From December 4 2013 the Department of Commerce is applying a new methodology for selecting respondents in anti-dumping administrative reviews.

When the Department of Commerce cannot examine all respondents in an administrative review, it can review either the largest-volume exporters or a "statistically valid" sample of exporters, producers or products. The Department of Commerce has almost always adopted the first approach – reviewing only a small number of the largest-volume exporters. The new methodology expands and standardises use of the second statutory option – applying sampling when specified conditions are met. The Department of Commerce introduced this approach because its existing focus on the largest-volume exporters as subjects of administrative reviews potentially allows smaller-volume exporters to sell at unfairly low prices, undisciplined by the possibility that their behaviour would be subject to the department's scrutiny.

Under the new methodology, the Department of Commerce will apply sampling that is random, stratified and "probability proportional to size". The Department of Commerce asserts that:

  • stratification of the pool of potential respondents by volume of exports will ensure a representative cross-section of exporters; and
  • "probability proportional to size" (which makes a company's chance of selection proportional to its export volume) will prevent over-representation of small-volume exporters.

The resulting exposure of small exporters to selection addresses the Department of Commerce's stated enforcement concern; small-volume exporters will no longer be able to assume that their low volumes preclude individual review.

In applying the new methodology, the Department of Commerce will:

  • sort all respondent companies participating in an administrative review from largest to smallest based on import volumes;
  • segregate the companies into a number of strata corresponding to the maximum number of companies that it will subject to individual review; and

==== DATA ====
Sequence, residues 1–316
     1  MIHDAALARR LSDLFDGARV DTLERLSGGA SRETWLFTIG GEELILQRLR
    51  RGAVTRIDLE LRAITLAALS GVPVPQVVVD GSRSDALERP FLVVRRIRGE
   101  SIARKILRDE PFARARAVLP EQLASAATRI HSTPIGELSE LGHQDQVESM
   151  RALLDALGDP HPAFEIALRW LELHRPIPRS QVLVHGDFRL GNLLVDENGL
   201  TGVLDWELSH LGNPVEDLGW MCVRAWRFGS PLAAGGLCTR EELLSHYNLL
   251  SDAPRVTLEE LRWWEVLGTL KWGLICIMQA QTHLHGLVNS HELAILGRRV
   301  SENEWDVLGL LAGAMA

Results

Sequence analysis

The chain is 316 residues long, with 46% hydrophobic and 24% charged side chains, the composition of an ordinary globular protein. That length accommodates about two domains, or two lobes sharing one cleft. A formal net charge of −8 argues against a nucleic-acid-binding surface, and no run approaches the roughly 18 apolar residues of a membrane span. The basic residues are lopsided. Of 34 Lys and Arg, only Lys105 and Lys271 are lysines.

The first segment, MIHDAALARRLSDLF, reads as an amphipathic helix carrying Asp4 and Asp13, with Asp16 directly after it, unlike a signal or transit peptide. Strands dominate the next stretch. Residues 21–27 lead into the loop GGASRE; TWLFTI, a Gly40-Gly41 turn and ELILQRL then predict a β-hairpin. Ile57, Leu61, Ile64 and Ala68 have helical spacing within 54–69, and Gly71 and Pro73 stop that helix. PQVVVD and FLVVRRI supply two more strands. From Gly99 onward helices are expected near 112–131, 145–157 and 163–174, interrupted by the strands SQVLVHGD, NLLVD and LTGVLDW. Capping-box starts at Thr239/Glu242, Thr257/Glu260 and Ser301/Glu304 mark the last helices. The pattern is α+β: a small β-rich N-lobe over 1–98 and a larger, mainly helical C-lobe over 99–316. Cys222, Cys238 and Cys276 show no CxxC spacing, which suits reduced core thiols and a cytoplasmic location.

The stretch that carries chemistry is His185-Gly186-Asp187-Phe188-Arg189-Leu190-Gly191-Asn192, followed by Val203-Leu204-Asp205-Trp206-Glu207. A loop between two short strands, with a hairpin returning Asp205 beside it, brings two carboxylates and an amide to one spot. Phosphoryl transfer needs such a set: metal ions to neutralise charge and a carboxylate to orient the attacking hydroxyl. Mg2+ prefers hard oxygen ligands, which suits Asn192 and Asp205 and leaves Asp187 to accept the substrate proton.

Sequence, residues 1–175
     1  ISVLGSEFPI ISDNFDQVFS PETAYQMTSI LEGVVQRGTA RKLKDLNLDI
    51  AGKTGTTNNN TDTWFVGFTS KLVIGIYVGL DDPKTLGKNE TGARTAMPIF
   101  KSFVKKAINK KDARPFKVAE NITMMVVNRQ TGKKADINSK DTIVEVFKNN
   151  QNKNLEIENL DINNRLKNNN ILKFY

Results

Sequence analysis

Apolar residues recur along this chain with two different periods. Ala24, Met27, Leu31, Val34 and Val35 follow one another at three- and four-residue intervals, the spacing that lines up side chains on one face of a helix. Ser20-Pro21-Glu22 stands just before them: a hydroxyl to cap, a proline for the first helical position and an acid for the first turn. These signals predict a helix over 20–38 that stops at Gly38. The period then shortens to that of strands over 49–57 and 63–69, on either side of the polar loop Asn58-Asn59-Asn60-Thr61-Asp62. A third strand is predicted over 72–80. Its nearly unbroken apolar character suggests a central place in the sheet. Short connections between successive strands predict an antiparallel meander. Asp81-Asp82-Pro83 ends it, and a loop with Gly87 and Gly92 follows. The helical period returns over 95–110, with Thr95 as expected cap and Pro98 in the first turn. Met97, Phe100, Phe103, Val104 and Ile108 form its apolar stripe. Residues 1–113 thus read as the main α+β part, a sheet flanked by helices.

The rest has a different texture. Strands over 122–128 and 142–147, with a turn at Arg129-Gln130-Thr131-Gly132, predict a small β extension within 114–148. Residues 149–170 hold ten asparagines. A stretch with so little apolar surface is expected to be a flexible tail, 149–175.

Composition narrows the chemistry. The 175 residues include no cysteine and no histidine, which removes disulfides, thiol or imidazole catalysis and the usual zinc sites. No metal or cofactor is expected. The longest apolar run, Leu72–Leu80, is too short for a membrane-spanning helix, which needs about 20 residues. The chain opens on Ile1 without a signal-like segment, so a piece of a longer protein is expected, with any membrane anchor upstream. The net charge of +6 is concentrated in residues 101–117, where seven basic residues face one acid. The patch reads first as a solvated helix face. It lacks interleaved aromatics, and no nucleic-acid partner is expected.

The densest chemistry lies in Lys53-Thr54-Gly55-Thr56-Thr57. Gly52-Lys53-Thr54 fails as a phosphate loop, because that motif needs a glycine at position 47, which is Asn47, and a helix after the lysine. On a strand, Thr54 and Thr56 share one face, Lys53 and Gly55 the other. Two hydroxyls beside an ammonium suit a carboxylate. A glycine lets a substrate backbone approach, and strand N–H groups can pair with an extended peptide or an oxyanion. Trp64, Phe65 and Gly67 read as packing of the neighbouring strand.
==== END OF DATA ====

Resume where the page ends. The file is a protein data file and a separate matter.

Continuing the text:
• select one company from each stratum.

After conducting a review, the Department of Commerce will assign a sample rate to companies that were not selected. This rate will be an average of the individual rates calculated for the selected respondents, weighted by the import share of their corresponding strata.

The Department of Commerce has identified four threshold conditions that must be considered before using sampling in a particular case. In general, it must find that:

  • an interested party requests sampling;
  • the Department of Commerce has the resources to examine individually at least three of the exporting companies;
  • the largest three exporting companies (or more if more than three companies will be selected for individual review) normally account for no more than 50% of subject imports under review; and
  • the average export prices, dumping margins or both for the largest exporters differ from those of other exporters.(1)

The Department of Commerce's proposal could mean a significant change in administrative review procedures and the results of administrative reviews. However, critical details remain unclear and are likely to become apparent only as the methodology is implemented in individual cases. The following issues have raised concerns:

  • The timing and parties' strategies in administrative reviews may be fundamentally affected by the new methodology.
  • The stratification method, which will directly affect whether a particular company may be selected, needs to be clarified in practice.
  • The Department of Commerce has not stated the basis for measuring the 50% concentration threshold, which will determine whether it uses sampling in individual cases.
  • Assessment of the fourth threshold condition – a difference in pricing behaviour or likely dumping margins between large and small exporters – will not become clear until it is applied in new reviews.

Many critical aspects of the new rule may be clarified only in practice. Nonetheless, it is clear that the methodology will fundamentally change how parties must address anti-dumping administrative reviews and open the possibility for review to new exporters, especially low-volume exporters. Parties should monitor upcoming administrative reviews carefully to learn how the Department of Commerce is applying sampling and establishing the conditions for its use.

For further information on this topic please contact Neil Ellis, Brenda Jacobs or Dave M Wharwood at Sidley Austin LLP by telephone (+1 202 736 8000), fax (+1 202 736 8711) or email (nellis@sidley.com, bjacobs@sidley.com or dwharwood@sidley.com).The Sidley Ausin LLP website can be accessed at www.sidley.com.

 

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?Endnotes

(1) The department has identified certain changes in the update relative to the original 2010 proposal:

  • The methodology now applies only to administrative reviews, not investigations;
  • The existing 50% concentration threshold is a reduction from the initially proposed level of 75%; and
  • The update does not limit the number of strata to three or require equal-size strata by volume.